University of Hawaii Institute for Astronomy
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IfA Publications

For immediate release
July 16, 2008


Dr. James "J.D." Armstrong
Maui Technology Education & Outreach Specialist
Institute for Astronomy, Maui

Ms. Claudine Wales
Administrative Specialist
Institute for Astronomy, Maui

Institute for Astronomy
Director's Office
2680 Woodlawn Drive
Honolulu, Hawaii 96822
Telephone: 1-808-956-8566
Fax: 1-808-946-3467

Maintained by LG


Maui Public Talk: "Stellar Winds: Observing Stars from Haleakala"

IfA postdoctoral fellow David Harrington will give a talk entitled "Stellar Winds: Observing Stars from Haleakala" at 6:30 p.m. on Wednesday, July 23 at the Maikalani building in Pukalani. This Maui Maikalani Community Lecture is sponsored by the University of Hawaii Institute for Astronomy.

On Haleakala, multiple telescopes observe the sun, stars, and space debris. Some of this research involves observing the process of star formation—how a young star interacts with its planet-forming circumstellar disk. Other projects involve investigating the structures seen on the sun, such as sunspots, active regions, and coronal loops. During the past five years, David Harrington has participated in these projects by building an instrument for the 4-meter Advanced Electro Optical System (AEOS) telescope and using it to observe young stars. Since processes on these young stars are somewhat similar to those on the sun, finding the similarities and differences helps us understand both in more depth. This talk will interrelate the sun, young stars, and some of the current projects at the observatories.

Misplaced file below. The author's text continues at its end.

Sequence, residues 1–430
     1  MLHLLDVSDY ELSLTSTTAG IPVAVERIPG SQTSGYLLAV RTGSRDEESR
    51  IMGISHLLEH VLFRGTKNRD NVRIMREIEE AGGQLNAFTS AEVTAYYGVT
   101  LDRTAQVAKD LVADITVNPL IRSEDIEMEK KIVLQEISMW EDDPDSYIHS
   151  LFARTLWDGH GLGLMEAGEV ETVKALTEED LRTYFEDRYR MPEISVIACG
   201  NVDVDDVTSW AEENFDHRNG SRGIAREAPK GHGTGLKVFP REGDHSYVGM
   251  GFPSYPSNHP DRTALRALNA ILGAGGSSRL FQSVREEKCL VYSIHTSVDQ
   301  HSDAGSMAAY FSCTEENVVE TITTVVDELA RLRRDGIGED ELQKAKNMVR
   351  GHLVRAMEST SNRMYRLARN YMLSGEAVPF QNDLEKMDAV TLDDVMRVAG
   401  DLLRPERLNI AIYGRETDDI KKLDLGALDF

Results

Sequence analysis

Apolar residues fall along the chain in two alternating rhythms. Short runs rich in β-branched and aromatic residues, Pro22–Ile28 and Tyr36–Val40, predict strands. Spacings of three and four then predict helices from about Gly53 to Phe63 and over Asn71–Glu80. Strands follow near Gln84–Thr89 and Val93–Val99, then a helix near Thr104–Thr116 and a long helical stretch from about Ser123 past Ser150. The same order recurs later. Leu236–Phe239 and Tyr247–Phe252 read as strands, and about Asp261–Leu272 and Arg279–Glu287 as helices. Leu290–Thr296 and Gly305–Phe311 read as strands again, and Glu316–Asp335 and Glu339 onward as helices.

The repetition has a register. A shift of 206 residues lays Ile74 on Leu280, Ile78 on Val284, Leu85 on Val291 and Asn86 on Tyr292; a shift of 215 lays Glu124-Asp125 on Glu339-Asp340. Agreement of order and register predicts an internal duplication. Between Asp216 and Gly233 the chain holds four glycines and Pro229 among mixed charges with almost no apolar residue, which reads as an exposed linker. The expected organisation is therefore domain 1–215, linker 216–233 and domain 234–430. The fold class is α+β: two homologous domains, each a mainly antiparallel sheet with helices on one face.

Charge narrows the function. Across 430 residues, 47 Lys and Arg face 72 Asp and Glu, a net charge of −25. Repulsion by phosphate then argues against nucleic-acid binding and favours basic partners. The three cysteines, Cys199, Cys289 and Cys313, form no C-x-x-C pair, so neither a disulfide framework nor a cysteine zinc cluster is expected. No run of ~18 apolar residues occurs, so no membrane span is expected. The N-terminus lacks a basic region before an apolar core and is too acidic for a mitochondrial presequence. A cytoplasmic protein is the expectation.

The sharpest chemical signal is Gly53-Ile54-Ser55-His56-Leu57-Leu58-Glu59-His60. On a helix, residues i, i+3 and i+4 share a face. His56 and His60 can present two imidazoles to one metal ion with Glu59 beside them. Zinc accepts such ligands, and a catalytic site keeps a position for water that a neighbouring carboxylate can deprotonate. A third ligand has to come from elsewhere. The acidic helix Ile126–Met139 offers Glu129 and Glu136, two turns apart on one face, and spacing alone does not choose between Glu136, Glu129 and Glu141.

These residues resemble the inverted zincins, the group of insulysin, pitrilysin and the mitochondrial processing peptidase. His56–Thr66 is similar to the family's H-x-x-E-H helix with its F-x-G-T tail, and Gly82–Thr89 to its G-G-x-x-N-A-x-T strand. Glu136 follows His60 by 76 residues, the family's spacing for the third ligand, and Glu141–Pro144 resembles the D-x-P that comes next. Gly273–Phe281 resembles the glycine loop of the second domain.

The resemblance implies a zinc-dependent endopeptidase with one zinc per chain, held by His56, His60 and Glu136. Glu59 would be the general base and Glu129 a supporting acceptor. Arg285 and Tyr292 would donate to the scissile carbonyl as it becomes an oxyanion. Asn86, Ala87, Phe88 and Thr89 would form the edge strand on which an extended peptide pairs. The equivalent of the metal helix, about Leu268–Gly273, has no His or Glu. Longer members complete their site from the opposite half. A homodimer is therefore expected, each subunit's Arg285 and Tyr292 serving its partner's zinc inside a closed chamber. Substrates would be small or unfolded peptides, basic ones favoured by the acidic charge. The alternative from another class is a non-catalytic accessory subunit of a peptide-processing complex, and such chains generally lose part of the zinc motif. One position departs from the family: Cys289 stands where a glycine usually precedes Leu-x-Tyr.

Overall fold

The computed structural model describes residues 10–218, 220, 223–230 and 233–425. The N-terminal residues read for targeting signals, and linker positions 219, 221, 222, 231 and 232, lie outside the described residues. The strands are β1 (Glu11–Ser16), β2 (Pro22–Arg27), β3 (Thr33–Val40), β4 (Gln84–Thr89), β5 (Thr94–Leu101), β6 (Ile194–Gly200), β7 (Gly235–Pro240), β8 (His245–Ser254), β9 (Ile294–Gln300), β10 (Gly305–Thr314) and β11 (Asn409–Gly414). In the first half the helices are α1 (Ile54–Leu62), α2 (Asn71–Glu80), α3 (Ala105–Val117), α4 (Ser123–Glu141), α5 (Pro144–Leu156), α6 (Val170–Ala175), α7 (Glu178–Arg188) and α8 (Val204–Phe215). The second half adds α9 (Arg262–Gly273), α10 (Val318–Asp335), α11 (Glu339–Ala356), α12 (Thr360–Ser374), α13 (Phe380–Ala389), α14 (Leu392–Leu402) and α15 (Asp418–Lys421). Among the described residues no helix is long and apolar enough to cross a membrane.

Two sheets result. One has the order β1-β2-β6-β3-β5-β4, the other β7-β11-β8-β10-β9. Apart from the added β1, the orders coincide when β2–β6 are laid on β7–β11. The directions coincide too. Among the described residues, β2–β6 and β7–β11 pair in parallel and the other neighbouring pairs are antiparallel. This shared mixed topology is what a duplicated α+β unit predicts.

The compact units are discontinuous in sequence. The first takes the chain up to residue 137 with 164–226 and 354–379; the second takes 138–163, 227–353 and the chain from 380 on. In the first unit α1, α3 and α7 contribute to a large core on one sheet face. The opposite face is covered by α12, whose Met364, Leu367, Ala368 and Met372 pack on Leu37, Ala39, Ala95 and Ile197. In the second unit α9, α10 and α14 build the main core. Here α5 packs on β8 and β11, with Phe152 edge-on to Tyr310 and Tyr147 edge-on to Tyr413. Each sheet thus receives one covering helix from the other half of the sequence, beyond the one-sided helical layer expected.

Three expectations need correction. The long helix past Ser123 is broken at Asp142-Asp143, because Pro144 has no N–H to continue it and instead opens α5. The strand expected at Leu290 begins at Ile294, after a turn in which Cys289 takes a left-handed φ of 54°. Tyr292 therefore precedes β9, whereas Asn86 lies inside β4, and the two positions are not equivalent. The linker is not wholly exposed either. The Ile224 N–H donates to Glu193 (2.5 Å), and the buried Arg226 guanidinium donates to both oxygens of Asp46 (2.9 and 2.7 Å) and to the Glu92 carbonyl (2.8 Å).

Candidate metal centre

Harrington received his bachelor's degree from Michigan Technical University in 2003 and his PhD from the University of Hawaii this year. He has spent over 120 nights observing on AEOS and has authored more than 10 scientific papers. He has studied young stars, stellar magnetic fields and the solar corona, and also participated in the observations for NASA's Deep Impact mission.

The address of Maikalani, also known as the Advanced Technology Research Center, is 34 Ohia Ku Street, Pukalani, above Kamehameha Schools in the Kulamalu Town Center (the first light after King Kekaulike High School, just off Kula Highway). For a map, go to

Admission is free, and street parking is available. For more information, call 573-9500 on Maui.

Founded in 1967, the Institute for Astronomy at the University of Hawaii at Manoa conducts research into galaxies, cosmology, stars, planets, and the sun. Its faculty and staff are also involved in astronomy education, deep space missions, and in the development and management of the observatories on Haleakala and Mauna Kea.

Established in 1907 and fully accredited by the Western Association of Schools and Colleges, the University of Hawaii is the state's sole public system of higher education. The UH System provides an array of undergraduate, graduate, and professional degrees and community programs on 10 campuses and through educational, training, and research centers across the state. UH enrolls more than 50,000 students from Hawaii, the U.S. mainland, and around the world.




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